Then again, is the story, a signifier of how the original inhabitants of the land were subdued by another race -- the Dravidians by the Aryans? One can try to excavate and reconstruct lost histories Consider this excerpt, for instance, from the book, `Slavery', written by Mahatma Jotirao Govindrao Phule. The chapter, titled `Baliraja', consisting of a conversation between Mahatma Phule and Dhondiba (Namdev Khumbar), is of particular interest.
Mahatma Phule speaks of Baliraja's kingdom, which stretched from Maharashtra all the way down south to erstwhile Ceylon and northwards to Ayodhya and Benares. It was attacked by the Dwija (Aryan), Vamana. Dalit kings such as Hiranyakashyapu had also been attacked by Dwija kings as a racial battle for power zigzagged across the subcontinent. The story of Prahlada is then interpreted as that of the son of the royal Hiranyakashayapu dynasty being subtly influenced by the Machiavellian Dwija, Narasimha, to become a collaborator of an `invasive' hegemonic discourse.
Dhondiba: "So then (we are told that) Adi-narayan incarnated himself as Waman to banish Baliraja in the form of a pygmy beggar and hoodwinked him by asking him the gift of only three steps (of the earth). He then abandoned his pygmy form, assumed a gargantuan form, and having occupied the entire earth and the sky with his two steps, posed a problem before Baliraja as to where he should now put his third step. The ever-generous Baliraja, having become quite helpless now, told the gargantuan form to rest his third step on his head. At this the gleeful wicked gargantuan form banished Baliraja to the nether world by resting his foot on his head. Thus was the stratagem fulfilled. All this (fiction) has been described by the Upadhyas in their fictitious books of Scriptures such as `Bhagwat'. Your narration conclusively proves that all this is rank fiction. So what do you have to say about the whole thing now?"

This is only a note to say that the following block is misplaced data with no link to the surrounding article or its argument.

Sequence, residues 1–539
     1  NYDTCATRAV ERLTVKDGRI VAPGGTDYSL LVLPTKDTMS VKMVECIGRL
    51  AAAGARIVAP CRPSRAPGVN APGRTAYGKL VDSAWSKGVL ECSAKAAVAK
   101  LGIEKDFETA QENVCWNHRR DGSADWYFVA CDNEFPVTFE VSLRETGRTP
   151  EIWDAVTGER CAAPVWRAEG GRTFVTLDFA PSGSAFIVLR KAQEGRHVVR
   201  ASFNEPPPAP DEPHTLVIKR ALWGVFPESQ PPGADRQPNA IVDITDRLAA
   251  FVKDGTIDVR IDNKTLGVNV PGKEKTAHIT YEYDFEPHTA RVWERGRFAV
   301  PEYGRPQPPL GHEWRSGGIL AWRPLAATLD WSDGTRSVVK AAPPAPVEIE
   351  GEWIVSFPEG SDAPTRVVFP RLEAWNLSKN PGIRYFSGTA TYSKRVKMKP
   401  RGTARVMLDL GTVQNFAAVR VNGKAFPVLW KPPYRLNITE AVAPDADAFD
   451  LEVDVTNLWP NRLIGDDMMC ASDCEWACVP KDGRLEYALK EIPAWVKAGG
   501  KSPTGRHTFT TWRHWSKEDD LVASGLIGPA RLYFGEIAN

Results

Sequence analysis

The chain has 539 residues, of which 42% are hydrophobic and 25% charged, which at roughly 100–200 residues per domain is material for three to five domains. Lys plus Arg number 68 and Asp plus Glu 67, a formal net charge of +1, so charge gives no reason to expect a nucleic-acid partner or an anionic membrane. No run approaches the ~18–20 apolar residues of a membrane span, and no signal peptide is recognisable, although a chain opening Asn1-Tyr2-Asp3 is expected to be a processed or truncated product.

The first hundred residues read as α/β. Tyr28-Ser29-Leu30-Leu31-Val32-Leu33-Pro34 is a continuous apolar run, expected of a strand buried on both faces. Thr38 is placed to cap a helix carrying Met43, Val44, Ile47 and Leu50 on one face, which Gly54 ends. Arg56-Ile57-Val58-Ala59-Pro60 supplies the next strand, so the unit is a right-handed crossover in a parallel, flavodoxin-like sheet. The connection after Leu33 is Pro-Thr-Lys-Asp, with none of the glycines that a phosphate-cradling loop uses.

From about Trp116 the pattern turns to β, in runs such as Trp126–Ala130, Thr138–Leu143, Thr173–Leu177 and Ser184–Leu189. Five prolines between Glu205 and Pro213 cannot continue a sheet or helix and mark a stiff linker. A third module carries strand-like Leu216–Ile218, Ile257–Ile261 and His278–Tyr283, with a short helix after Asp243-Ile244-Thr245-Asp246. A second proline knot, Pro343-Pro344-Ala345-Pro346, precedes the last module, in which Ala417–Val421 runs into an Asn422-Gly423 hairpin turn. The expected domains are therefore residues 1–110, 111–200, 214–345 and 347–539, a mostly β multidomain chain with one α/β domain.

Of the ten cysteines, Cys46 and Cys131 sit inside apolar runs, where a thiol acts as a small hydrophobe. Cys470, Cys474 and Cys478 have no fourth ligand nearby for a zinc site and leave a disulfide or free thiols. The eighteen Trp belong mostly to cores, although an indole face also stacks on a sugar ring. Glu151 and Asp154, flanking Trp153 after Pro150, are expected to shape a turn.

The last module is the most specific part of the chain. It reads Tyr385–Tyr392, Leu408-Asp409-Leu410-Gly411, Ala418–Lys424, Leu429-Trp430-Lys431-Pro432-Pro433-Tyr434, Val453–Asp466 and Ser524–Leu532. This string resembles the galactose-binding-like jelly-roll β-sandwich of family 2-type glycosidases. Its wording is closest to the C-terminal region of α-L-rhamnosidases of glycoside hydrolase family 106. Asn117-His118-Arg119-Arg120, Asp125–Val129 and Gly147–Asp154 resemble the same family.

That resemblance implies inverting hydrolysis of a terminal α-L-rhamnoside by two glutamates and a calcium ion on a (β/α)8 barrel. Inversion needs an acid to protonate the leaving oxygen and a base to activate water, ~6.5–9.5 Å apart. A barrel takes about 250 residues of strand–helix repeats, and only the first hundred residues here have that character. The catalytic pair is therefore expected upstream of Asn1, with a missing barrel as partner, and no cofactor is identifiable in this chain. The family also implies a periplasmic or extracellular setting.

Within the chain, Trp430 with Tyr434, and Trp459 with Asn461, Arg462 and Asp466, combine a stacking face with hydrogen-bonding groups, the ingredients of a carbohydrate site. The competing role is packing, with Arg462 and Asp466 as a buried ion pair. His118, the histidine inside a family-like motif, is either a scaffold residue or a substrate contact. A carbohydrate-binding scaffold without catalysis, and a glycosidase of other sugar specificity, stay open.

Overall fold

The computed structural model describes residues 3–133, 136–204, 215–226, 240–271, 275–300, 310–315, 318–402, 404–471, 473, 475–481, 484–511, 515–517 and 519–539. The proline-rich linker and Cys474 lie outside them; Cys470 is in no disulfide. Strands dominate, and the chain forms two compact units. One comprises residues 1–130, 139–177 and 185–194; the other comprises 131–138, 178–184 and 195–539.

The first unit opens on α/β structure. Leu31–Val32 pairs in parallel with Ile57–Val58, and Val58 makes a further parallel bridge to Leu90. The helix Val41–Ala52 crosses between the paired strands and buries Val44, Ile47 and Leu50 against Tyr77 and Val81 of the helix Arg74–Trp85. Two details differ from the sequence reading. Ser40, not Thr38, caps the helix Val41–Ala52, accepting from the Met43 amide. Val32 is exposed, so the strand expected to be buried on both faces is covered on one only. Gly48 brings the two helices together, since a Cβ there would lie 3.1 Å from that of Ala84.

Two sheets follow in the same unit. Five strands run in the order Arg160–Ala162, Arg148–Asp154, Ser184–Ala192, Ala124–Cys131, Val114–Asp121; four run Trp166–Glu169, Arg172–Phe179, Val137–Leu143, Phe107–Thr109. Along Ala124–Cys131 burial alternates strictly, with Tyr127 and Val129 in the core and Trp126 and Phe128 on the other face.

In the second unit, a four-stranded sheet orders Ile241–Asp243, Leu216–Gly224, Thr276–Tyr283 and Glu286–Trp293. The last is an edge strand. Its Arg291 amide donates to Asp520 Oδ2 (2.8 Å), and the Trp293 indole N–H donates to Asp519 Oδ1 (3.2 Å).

Mahatma Phule proceeds to demystify mythical `history' and re-situates the narrative within the context of an alternative history to conclude that to take the narrative as it appears in the Puranas would be foolish and amount to being politically correct and religiously brainwashed.
"If you read the `Bhagwat' carefully, Dhondiba, you will conclude that Aesop's Fables' are much better (are far more credible)," he points out. It is fascinating that the Onam tale appears in two contexts in Kerala and in Maharashtra, two States where the Dalit has been fighting for his legitimate rights. It places the onus on the `reader' to come to an intelligent interpretation of what might have really been. Logically, this tale tells of a vanquished race and its hero (es) being appropriated by the victor and integrated into his version of `history'. The boon that you and I have alongside Mahabali, as readers, is a trace or traces of history before `history'. That is reason enough to see Onam rightfully as the season to honour the Asura, to celebrate one's authentic origin and past, before it was swept away, appropriated and rewritten by an invader.
Send this article to Friends by